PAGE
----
While the articles I discussed in the last post on important questions facing plant research hardly mentioned herbaria, they are front and center in Charles Davis’s (2023) article: “The Herbarium of the Future.” It’s an opinion piece in Trends in Ecology and Evolution, so it perhaps takes a broader view of the uses of herbaria than might be found in a systematics journal. It is also written with a vitality, a lively pace, as if Davis is trying to fit in as much as possible about the promising future of herbaria—and plants—before a reader’s interest might flag. But this is unlikely since he does a good job of introducing, one after another, aspects of the world of plant collections and how they can be used now and in the future in researching many questions that appeared in the lists of critical issues in the field (see last post).
Davis employs terms that connote change and growth. His first heading is “A Revolution in Herbarium Use” where he outlines changes in herbaria and in how they are used. One is what he terms the development of the global metaherbarium: the growing collection of herbarium specimen data and images available on the internet, in most cases without paywalls. The Global Biodiversity Information Facility (GBIF) is the largest of these portals, but there are many others including DiSSCo for European herbaria and iDigBio for those in the United States. The data in these repositories overlap, and yet there really is no “metaherbarium” which harvests information from all other sources. And there may never be, or at least it will take a long time to get there.
Davis is presenting what the plant science question group calls “horizon scanning,” peering into the future of what might be (Armstrong et al., 2023). However, there are enormous technical difficulties in linking even collections that are using similar hardware and software. The plus side is that as these problems have come to light so has the realization that they must be dealt with on a global level (Manzano & Julier, 2021). The Alliance for Biodiversity Knowledge and other organizations such as the long-standing Biodiversity Information Standards (TDWG) are important forces in moving these goals forward. The reason for urgency in effectively mobilizing data for all natural history collections is the crying need to use them for research on biodiversity and its conservation, or as Davis puts it: “Innovating Traditional Applications of Herbaria to Speed Discovery.”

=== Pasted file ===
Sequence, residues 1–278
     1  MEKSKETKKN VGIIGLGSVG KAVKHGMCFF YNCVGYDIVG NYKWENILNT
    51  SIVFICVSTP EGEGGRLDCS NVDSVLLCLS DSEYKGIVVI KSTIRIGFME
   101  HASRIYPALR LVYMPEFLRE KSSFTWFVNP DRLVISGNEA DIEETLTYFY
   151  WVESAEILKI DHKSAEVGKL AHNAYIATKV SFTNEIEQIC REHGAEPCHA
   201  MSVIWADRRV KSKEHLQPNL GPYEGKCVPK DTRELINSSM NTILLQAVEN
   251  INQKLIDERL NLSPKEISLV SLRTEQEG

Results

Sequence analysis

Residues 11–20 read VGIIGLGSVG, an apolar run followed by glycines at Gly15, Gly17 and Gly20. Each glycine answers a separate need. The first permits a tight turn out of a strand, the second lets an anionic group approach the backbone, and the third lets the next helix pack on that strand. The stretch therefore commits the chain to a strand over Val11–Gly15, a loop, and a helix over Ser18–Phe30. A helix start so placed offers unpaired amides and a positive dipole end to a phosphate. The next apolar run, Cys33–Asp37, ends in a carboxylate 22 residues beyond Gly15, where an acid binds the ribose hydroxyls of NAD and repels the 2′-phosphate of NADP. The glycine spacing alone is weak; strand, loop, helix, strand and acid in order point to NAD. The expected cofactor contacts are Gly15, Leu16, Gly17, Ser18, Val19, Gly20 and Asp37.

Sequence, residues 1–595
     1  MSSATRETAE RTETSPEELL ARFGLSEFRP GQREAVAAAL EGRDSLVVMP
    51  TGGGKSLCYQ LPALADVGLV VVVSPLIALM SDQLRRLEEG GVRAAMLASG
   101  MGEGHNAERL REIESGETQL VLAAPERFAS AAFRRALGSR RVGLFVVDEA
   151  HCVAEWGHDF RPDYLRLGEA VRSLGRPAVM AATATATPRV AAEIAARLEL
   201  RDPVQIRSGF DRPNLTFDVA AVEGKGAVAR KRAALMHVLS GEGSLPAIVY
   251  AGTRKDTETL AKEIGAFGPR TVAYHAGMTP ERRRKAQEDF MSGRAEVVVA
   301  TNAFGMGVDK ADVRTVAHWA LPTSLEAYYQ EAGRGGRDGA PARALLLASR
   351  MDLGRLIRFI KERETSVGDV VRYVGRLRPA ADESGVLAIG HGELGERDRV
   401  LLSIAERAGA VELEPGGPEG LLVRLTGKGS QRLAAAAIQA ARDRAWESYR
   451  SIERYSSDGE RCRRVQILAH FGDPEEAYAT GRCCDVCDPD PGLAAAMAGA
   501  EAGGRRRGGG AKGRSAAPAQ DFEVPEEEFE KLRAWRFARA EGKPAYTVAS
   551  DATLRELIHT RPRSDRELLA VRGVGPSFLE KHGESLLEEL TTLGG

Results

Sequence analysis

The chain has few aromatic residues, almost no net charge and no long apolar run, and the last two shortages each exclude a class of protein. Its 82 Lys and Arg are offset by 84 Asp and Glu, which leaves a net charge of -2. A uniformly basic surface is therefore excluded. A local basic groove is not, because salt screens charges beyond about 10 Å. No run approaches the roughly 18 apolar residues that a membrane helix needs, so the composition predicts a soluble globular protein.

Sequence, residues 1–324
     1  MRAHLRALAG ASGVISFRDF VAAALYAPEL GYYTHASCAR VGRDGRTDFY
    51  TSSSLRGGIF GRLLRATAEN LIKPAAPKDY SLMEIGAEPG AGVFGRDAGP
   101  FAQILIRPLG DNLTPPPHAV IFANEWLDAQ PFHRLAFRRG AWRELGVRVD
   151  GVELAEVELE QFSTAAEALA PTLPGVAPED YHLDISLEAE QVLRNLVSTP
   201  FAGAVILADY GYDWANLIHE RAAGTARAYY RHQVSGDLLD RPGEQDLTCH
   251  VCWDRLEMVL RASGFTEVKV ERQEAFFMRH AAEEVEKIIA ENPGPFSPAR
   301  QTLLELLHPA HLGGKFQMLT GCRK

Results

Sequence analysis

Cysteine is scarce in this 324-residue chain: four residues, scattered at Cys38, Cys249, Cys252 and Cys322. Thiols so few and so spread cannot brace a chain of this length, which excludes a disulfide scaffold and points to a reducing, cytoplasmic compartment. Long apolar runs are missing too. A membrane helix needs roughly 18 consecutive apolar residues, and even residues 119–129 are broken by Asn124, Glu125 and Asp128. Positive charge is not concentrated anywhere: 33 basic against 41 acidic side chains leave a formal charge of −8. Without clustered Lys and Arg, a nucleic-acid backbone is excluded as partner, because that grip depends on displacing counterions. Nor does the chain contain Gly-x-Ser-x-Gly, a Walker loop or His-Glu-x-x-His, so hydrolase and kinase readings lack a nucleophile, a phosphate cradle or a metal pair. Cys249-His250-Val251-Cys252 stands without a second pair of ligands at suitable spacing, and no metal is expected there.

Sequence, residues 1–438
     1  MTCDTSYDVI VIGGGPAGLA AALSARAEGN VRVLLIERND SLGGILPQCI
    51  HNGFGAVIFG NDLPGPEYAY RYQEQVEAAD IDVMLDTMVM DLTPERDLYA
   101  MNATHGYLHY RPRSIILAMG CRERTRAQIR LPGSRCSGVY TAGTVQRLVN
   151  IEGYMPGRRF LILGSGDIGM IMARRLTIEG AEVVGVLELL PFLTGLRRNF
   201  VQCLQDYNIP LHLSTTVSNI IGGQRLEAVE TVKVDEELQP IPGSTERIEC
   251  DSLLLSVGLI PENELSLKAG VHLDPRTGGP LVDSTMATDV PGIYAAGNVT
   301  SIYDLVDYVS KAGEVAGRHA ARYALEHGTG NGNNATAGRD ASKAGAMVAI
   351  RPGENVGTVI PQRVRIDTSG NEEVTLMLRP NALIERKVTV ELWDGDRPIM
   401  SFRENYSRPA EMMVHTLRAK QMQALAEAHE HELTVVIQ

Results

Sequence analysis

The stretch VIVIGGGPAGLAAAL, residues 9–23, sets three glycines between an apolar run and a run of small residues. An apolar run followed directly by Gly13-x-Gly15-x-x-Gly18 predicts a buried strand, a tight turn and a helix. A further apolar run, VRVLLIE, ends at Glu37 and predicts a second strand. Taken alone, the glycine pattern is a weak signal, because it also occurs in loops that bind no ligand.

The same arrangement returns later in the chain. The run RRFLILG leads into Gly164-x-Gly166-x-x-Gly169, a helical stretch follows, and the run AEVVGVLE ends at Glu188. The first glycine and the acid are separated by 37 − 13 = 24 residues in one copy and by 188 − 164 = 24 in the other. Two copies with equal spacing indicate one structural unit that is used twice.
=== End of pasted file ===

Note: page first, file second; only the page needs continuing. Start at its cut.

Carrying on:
Writing of innovation and speed are rhetorical devices Davis uses to emphasize how critical the situation is. There are still new species to be discovered, many of these already sitting in herbarium cabinets. Could AI help to recognize some of them? Here again, we are still in the early stages, but there have been significant advances in training machine learning systems to identify specimens. The same is even more true of improvements in “herbariomics,” that is, extracting and sequencing DNA from herbarium specimens, even in cases where they are hundreds of years old. Davis writes that: “The metaherbarium soon will become the central resource for such [phylogenomic] investigations spanning populations, communities, and whole continents (p. 4).” This is definitely on the far horizon. If collection databases are often difficult to link together, how much more challenging will it be to extract DNA from far-flung collections? Still, such forward thinking is essential so that possibilities feed into the groundwork now being laid for this bright future. It includes training individuals worldwide in the skills needed to bring such work to fruition.